As there are no sales of the product then the development costs provide a negative profit. To increase the clear profit made by the product further downstream, we can:
Figure 4 is a graph showing the effects of introducing a product early, by shortening the development time. These are:
In contrast, Figure 4 also shows the effect of a late product introduction. The lower line shows the reduction in sales due to competition already selling similar products, and a reduction in sales life because irrespective of when a product was introduced it is likely to start to decline in sales at the same point.
Development time and cost reduction can be achieved by using tools like concurrent engineering, DfM, Value Analysis during the design phases, and Lean Manufacture and TQM during prototype manufacturing.
The second issue is the huge swing to a high profit on introduction of the product. The company would like to make this as high as possible and as steep as possible.
A higher graph suggests larger profits and a steeper graph will increase the length of time the product stays at a premium market price before decline in profits occur. There are two ways to do this:
These both add up to ‘total customer satisfaction’. Tools such as QFD would be useful here – this is described in the next part.
The third is the slow decline in profit as the product matures and declines.
This is inevitable, as the price will reduce to sustain sales when the competition increases and undercuts your own prices. Reducing the manufacturing costs would maximise the profits at this stage and allow sales functions flexibility when promoting the product. Tools such as Lean Manufacturing would be helpful here.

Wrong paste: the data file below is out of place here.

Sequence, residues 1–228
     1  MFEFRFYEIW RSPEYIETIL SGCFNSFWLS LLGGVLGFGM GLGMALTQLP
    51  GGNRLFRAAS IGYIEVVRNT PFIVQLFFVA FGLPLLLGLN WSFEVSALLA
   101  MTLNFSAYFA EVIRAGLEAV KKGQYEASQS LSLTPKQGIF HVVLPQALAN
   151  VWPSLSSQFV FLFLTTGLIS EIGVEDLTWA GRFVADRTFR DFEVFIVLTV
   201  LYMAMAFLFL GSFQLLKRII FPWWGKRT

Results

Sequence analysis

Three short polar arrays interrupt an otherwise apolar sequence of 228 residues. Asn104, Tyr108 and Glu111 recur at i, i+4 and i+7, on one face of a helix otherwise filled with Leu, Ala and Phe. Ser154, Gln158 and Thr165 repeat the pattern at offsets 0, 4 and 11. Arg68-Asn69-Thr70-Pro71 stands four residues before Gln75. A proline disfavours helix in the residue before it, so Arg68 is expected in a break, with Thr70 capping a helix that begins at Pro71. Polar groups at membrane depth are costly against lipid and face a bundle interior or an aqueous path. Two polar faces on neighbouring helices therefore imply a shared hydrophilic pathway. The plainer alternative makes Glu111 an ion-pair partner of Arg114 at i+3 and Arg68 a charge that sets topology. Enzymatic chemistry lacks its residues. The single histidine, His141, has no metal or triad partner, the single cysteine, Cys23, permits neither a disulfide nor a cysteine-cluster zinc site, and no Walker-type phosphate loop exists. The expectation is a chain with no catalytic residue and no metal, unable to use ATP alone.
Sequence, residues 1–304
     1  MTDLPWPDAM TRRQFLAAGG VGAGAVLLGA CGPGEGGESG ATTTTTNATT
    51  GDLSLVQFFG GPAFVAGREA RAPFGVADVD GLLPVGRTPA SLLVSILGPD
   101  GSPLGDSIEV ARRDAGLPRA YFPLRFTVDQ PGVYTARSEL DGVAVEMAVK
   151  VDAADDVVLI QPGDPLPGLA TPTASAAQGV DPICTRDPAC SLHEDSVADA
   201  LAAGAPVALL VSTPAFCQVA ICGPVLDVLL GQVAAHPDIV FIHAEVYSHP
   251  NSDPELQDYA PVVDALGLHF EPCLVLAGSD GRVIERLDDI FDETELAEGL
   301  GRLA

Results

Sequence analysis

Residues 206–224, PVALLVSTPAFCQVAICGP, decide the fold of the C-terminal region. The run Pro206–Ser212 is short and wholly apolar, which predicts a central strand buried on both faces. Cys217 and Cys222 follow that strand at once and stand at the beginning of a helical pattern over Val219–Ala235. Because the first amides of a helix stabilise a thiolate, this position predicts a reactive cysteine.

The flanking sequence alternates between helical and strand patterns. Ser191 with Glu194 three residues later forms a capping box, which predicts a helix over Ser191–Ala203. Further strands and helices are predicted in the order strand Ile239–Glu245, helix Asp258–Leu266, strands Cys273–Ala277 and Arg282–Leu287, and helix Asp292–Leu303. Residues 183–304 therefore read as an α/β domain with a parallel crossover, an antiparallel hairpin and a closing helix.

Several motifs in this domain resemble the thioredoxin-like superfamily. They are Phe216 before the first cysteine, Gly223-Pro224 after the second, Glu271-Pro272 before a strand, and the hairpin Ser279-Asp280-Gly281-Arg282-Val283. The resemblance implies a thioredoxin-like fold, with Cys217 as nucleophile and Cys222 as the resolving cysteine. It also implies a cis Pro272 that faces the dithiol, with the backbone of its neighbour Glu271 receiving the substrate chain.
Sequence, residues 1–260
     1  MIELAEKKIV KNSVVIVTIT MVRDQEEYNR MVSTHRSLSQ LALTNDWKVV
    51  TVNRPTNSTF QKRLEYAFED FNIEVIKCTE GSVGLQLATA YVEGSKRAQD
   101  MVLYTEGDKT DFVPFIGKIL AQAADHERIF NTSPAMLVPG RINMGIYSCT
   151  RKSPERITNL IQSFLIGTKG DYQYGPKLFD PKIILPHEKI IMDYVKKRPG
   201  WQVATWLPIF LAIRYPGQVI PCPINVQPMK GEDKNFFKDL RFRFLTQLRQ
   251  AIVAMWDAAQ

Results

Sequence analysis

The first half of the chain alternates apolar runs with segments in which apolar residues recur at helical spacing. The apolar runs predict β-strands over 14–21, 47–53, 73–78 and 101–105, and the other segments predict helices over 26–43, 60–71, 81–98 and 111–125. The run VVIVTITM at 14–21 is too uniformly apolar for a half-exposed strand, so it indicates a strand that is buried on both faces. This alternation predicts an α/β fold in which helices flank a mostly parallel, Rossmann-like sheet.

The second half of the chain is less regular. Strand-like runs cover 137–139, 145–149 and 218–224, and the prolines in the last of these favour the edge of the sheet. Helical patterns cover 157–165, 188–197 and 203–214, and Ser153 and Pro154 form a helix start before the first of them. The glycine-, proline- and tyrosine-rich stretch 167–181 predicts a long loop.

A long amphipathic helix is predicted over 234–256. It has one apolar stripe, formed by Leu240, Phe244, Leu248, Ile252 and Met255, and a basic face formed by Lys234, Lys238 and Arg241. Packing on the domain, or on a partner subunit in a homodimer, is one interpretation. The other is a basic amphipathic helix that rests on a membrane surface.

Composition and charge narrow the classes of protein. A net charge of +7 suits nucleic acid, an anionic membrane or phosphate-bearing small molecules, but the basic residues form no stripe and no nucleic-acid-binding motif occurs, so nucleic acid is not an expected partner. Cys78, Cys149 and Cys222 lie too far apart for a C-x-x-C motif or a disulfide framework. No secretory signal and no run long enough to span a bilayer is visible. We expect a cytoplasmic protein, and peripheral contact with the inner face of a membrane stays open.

We can now derive a list of requirements for an organisation’s NPI process.
Develop the right product. We must first make sure we understand the market we are introducing our products to. The marketing functions must make sure it is the right market and provide added value if we are competing with other similar products. The development team must provide correct functional specifications with any options offered to ensure the development energy is focused on the right product. They must benchmark against competitor’s products if available.
Fast development process. Once we know what the product is supposed to do we must develop that product as quickly and cheaply as possible.
A cost effective manufacturing process. If the product is cheaper to manufacture than the competitors’ products, there will be greater profit margins, a faster ROI and more scope for sales functions to undercut competitors.
Provide quality products on time, every time. The aim is to provide ‘Total Customer Satisfaction’.
For NPI to work cost-effectively, we need to use appropriate tools to increase the efficiency. What some of these tools are, and the areas where can be applied in relation to the flow chart given in Figure 7, is the subject of New Product Introduction tools.